Dye Sublimation Printing – Notes

Earlier Post

For more detailed information on the subject of Dye Sublimation Capable Printers, please follow our link to an earlier post on this subject.

Dye Sublimation Capable Printers

Before blaming a printer as the cause of poor quality images, let’s look at what a printer does. It creates a print with an image, graphics or text from a file sent to the printer from a computer or mobile device. The printer will print exactly what the file advises it to print!

If your images are not printing correctly, or to your satisfaction, the first thing to do is check that the printer is doing what it is being asked to do. To do this is very easy. Go into the printer properties and navigate to the maintenance tab. On this tab, you will find a “nozzle test” button or icon. Click this to perform a nozzle test. If all of the colours are printed out in the nozzle pattern, the printer is fine.

Should there be a lost colour or many broken lines on the test pattern, hit the head clean icon or button and perform a head clean which in most instances will clear any nozzle blocks? Re-run a nozzle test and when this is ok, carry on printing.

If the nozzle test prints all of the colours and the test pattern, the printer is printing fine. The issue is elsewhere.

HobbyPrint.co.uk supplies several printer models that are capable of printing images for dye sublimation work, the production of personalised printed gifts such as mugs, T-shirts and Caps, to name a few. The idea of this brief article is to remind customers who purchase a dye sublimation capable printer from us, a few of the points to effectively use the printer and to get good results from the printer.

The first point that we would make is that the printers that we supply as “Dye Sublimation Capable” are not modified in any way from the original specifications by the manufacturer. The detail that makes a printer to be “Dye Sublimation Capable” is owing to how the printhead works.

The only difference in the printer that we will supply, is that a dye sublimation ink is used in the printer, instead of the Manufacturer’s inks.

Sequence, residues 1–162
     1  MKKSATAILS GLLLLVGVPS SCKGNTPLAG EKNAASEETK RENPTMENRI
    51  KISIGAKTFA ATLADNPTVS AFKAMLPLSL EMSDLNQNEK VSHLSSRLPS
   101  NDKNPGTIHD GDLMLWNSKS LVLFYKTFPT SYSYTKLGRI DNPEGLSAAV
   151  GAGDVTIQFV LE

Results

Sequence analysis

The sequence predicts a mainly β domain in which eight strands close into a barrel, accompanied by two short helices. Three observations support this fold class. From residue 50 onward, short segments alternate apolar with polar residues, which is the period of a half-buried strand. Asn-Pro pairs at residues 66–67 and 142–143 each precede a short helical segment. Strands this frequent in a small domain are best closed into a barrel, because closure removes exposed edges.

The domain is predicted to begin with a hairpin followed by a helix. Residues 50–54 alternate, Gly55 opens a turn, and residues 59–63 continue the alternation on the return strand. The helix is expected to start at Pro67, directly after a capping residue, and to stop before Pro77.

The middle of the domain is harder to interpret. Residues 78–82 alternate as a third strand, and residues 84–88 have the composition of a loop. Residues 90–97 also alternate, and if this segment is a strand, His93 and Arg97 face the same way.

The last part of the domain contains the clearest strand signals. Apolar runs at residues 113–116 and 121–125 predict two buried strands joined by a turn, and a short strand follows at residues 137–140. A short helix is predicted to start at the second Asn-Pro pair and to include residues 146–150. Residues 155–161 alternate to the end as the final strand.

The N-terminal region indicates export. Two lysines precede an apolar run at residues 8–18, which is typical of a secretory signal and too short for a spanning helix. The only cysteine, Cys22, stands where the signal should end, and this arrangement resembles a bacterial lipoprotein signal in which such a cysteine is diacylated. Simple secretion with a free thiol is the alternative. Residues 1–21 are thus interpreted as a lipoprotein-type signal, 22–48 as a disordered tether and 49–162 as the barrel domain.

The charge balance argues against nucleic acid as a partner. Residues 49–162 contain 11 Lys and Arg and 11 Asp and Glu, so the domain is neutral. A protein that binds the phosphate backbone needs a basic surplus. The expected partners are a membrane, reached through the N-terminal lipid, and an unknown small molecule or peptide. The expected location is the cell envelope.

To get a good quality, high-resolution print from any printer requires that the image or graphic to be printed, is a good quality image or graphic, in the first instance. By that, we mean that the image taken is of high quality.

Image Quality

An image taken from a good camera or mobile device with a high-quality camera will create a good image that is resizable to fit the size that you require, in most instances, the resizing is much smaller than the high-quality image size, which is good.

A basic explanation of this would be to imagine a 100mm x 100mm square that has an image created using 1000 dots, which create a great looking and detailed image. If you reduce the size of the square from 100mm x 100mm to 50mm x 50mm, the dots compress but remain and to all intents and purposes, the quality and detail are unchanged.

If the 100mm x 100mm square is increased to 200mm x 200mm, the dots remain the same but need to fill much more area as the size of the square is increased and expanded. A point to note is that it is easy to assume that increasing the square size to 200mm x 200mm is doubling the size, it’s not. 100mm x 100mm actually fits 4 times into a 200mm x 200mm square.

It is at this point that detail and quality are lost and the image becomes blurred and gappy. The term is pixelated. To conclude this point, an image will retain quality and detail if downsized to a sensible level. The image will lose quality and detail if increased in size.

Images taken from the web ARE NOT high-resolution images. They are a reduced version of a high-resolution image that allows for fast page loading on the internet and on mobile devices. To copy an image from the internet and expect a good quality, the high-resolution print will disappoint. Simply put, it is not going to happen. You always need access to an original image to get a good print.